Homeless tourism. It’s a bizarre trend.
You discover a city with a guide. So far the obvious part of city tripping. The twist is that your guide is homeless and shares with you his or her experiences as a homeless in the city.
The expression ‘the elephant in the room’ fits well when I see a homeless guy sitting next to the must-see in a city. You don’t want to watch, you don’t want to see it but you can’t help it to have a quick glance. The poor guy.
Followed by a reality-check. While I’m having a blast on my fancy city-trip, people are living on the streets in that same city. Do I have to feel guilty? Am I a selfish bastard becasue I’m having a holiday?
Last weekend I read an article from a journalist who wanted to rediscover the authencity of travelling. She learnt about ‘homeless tourism’. She searched for some organisations that offers tours by homeless people. Amsterdam Underground is one of them and you can read on their website:
How do you survive on the streets? Ex-homeless guides tell their personal stories. The only non-profit provider of walking tours by ex-homeless people in Amsterdam.
Their baseline is ‘Stories of the streets’:
Amsterdam is well-known for its drugs. So this city has a lot to tell via its homeless (former) addicts. On the tour they give you inside info and along with that, they greet their former drugs dealers. A bit surreal if you ask me.
Intriged by the subject I started to search for more about this atypical form of city tripping.
In an article from The Guardian I read:
From Prague to Los Angeles, tours led by homeless guides are showing visitors the dark heart of familiar cities – but does it help, or is it just poverty porn?
Poverty porn. Is it really that? A bit further in the article you read:
Similar groups have cropped up in Berlin, Copenhagen, Athens, Vienna and Edinburgh. In London, Unseen organises two-hour thematic tours, such as a “rock’n’roll” tour of Camden by a former music manager and ex-homeless man who goes by the handle Mike the Mob. In Los Angeles, youth groups can pay $75 per head to have their charges spend a day and a night at a Christian mission on Skid Row.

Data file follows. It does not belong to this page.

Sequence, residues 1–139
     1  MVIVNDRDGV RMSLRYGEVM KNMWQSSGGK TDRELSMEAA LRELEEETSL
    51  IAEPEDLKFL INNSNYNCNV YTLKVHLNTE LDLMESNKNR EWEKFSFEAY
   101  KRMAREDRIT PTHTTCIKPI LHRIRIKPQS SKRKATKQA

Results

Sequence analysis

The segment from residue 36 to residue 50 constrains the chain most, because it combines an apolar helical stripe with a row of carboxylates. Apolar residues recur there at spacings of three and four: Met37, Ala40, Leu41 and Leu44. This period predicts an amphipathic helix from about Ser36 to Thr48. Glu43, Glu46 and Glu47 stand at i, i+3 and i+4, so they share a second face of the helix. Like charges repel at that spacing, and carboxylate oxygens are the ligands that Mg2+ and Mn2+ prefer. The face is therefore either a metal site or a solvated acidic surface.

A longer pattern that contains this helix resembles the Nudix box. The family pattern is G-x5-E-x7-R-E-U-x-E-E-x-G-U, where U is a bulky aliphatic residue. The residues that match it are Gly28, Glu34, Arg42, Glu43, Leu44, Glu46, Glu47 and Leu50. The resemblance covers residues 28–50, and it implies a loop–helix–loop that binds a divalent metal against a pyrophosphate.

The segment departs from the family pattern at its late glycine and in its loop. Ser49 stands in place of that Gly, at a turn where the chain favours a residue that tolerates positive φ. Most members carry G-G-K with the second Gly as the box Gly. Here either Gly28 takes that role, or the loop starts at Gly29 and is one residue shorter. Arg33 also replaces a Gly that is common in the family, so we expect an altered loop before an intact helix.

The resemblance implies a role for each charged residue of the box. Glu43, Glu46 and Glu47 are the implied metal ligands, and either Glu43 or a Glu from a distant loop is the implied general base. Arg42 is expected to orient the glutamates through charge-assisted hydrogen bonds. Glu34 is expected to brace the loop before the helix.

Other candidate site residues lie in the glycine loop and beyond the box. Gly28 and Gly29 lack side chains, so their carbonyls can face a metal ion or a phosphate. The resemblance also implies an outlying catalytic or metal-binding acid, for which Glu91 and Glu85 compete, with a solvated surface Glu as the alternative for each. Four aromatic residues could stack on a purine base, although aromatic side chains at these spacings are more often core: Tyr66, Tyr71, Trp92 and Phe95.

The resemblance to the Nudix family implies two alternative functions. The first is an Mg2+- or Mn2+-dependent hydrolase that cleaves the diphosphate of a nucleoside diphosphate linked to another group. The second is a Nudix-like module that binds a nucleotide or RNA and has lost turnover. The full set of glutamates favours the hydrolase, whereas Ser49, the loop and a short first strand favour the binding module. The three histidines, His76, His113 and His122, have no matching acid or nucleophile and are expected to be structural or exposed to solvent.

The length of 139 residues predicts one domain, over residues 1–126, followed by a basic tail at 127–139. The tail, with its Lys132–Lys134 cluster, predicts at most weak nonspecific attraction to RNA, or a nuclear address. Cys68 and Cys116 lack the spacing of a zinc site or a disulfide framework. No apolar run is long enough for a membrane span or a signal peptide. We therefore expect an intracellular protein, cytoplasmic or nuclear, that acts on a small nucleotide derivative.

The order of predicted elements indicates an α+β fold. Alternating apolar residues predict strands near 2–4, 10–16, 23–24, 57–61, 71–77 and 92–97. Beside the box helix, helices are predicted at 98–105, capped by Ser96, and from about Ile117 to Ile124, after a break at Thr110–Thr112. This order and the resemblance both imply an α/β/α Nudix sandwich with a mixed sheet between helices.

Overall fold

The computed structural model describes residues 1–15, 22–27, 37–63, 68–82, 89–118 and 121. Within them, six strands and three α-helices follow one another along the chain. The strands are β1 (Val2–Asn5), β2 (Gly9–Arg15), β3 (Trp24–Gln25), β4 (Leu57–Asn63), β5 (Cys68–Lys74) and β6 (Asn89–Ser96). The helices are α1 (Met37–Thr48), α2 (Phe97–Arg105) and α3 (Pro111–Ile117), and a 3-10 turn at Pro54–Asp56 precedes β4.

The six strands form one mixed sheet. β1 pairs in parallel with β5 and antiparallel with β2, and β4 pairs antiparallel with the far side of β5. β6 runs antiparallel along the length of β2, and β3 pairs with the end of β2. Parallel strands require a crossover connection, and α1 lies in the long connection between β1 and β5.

The tours come at a time when some cities are attempting to effectively outlaw homelessness. In the UK, there are fears that benefits cuts will worsen the housing crisis. Jess Turtle, co-founder of the new Museum of Homelessness, which will put on a pop-up event at Tate Modern on 8-9 April, says: “A huge number of people are being socially cleansed, and are living precariously, in a constant state of flux.”
In Vienna you also have a similar organization: Shades Tours. On their site you can read:
This authentic, professional and insightful tour will submerge you into a mostly hidden and unseen world. During this 2-hour tour your guide will provide you with a mix of facts and personal stories that illustrate the complexity of homelessness. (without being voyeuristic!).
For the record, the last part wasn’t added by me. In this article about the organization you can read:
Launched last year, the social start-up is part of a growing European trend that sees the needy hired as city guides as a way to help them reintegrate.
While they show tourists in Paris around famous landmarks, the Vienna concept goes a step further to peel off the stigma attached to homelessness.
“I wanted (the tours) to be more educational,” explained Shades Tours creator Perrine Schober, a 33-year-old tourism management graduate.
“We (see) homelessness on a daily basis but we have no idea what it is actually about, so I guess that’s the reason people look away instead of trying to help,” the French-Austrian told AFP.
It remains contradictory for me: is homeless tourism ‘stories of the street’ or ‘poverty porn’?
I think it all depends on your motivation to book a tour. Is it about the raw city life or about the behind-the-scenes feeling? Up to you.